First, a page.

Lookout Mountain, Chattanooga

Monday, May 6, 2013

Versatile if not persistent

I was chatting with a friend the other day, and in the course of the conversation; it somehow came up that I had taken horseback lessons way back when. She said, "You sure have taken a lot of lessons!" I always supplied my kids with lots of lessons/classes but hadn't really thought how I'd applied it to myself. This need for extracurricular stimulation started back in elementary with swimming classes and went on from there.

Elementary:
1) Beginning swimming. I was stuck in that class for three summers until I became brave enough to jump in the deep end.
2) Intermediate swimming
3) Advanced swimming classes.
4) Piano lessons for about six months

When I could afford to pay for things myself:
5) Community ed course in Findlay when I was 18--no idea what the course content was.

When I moved to Columbus, exciting choices faced me:
6) Sewing
7) Singing
8) Cooking gourmet foods
9) Ice skating
10) Dancing to African music. (I mentioned before that I had been pointed out as a bad example. Bad, bad teacher!)
11) Ballet
12) Tap (I performed to Top Hat at a luncheon in the OSU grad school.)
13) Modern
14) Jazz
15) Horseback
16) Bowling

When I moved to St. Louis for a short time:
17) Snorkling

When I moved to Springfield, OH for a short time:
18)  Piano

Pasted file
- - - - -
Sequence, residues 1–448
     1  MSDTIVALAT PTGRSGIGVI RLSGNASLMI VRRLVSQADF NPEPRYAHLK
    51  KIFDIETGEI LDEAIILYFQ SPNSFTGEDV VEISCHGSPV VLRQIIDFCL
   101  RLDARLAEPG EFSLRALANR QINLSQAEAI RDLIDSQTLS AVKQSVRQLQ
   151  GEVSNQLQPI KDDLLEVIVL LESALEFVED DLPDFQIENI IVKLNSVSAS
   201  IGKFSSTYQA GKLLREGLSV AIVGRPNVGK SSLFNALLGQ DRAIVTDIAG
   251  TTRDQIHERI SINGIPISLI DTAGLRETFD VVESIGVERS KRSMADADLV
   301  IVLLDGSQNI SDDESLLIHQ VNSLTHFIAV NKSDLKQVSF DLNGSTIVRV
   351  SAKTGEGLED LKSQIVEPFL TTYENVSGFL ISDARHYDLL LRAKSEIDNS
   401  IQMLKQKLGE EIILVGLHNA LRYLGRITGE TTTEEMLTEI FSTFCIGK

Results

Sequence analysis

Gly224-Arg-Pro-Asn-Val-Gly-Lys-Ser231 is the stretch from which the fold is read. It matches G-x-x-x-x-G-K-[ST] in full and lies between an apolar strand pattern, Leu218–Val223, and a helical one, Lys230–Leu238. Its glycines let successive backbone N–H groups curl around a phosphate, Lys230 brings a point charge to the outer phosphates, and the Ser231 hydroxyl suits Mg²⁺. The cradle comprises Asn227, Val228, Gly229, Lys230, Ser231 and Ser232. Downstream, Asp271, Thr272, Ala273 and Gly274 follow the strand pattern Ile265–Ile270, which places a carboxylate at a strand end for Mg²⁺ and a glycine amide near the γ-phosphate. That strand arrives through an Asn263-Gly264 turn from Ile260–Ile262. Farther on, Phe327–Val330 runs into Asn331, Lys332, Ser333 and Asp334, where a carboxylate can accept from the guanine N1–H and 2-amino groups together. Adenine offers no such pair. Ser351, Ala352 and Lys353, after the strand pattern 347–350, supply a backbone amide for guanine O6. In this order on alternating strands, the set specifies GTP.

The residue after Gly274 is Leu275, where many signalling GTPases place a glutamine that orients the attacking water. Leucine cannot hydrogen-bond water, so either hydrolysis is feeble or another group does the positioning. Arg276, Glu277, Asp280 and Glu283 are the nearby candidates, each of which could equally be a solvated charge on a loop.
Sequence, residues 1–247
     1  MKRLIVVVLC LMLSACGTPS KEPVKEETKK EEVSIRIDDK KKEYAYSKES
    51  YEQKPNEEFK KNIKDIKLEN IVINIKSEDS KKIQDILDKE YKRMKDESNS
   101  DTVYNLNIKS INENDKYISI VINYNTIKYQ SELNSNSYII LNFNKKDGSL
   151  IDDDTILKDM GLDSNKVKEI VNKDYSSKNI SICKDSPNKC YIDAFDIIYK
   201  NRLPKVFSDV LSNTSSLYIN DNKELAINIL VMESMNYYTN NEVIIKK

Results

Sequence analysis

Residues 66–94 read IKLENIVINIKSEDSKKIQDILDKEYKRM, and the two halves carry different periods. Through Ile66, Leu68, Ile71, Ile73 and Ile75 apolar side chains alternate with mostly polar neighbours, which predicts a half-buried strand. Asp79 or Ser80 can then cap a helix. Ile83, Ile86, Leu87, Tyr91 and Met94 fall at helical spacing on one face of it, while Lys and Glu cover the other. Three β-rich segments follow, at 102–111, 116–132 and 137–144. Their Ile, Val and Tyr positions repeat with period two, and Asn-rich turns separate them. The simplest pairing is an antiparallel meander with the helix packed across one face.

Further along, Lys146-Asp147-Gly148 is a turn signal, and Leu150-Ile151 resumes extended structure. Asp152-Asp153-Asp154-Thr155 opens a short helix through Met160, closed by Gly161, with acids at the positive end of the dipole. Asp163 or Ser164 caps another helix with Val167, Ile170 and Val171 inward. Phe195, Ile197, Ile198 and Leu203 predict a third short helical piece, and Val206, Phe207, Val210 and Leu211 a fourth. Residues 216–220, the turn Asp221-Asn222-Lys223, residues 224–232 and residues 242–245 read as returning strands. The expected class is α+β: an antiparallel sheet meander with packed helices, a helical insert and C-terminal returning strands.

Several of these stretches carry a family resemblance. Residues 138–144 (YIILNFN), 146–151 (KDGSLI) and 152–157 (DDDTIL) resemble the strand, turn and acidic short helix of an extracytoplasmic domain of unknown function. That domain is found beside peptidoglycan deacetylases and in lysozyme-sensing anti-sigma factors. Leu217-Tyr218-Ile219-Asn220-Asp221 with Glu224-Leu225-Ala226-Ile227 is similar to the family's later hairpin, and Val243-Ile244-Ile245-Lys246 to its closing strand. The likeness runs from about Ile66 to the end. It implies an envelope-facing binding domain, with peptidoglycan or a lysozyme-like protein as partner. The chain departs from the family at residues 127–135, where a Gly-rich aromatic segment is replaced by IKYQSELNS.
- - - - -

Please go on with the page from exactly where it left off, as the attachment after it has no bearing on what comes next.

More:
19) A community class with my boyfriend Steve to show him how willing I was to learn about his chosen field of study: architecture. (The only thing I remember about that class is that we discussed Ionic vs Doric columns, and I'm pretty sure I don't know the difference today.)
20) Skiing

When I moved to Madison:
20) Piano again (Did I practice enough? No, I did not.)
21) Tennis (once at UAH, once through private class. Did I ever become good? This is more of a resounding no than the swimming.)
22) Singing again
23) Zumba
24) Drawing (I seem to be finally having some success here despite the fact that I don't practice enough!)

Self-taught:
25) Crocheting
26) Writing

So, anyway, I've discovered that I may be curious but not necessarily persistent with the result that some classes were more successful long-term than others. It's not likely that I'll drown in a swimming pool but may not fare so well in an ocean. Seeing as I cry at the drop of a stitch, sewing didn't really work out for me. Tennis lessons  never really took, either. With my teacher, I seemed to be able to keep a steady rhythm going; but playing with Steve was another matter altogether and other forms of exercise that lacked zig-zagging like mad across a hot tennis court made more sense. When I sing better as Marge Simpson than in my real voice, you'll understand why I don't sing in public. On the other hand, I still use my ham and cheese recipe from the gourmet cooking class, I zumba like a crazy Latina, write like I love it, and draw--if not award-worthy--respectably.

Of course, I've probably left something out, but I'm sure it's made me a better person.

Can anyone beat me with their own list of lessons?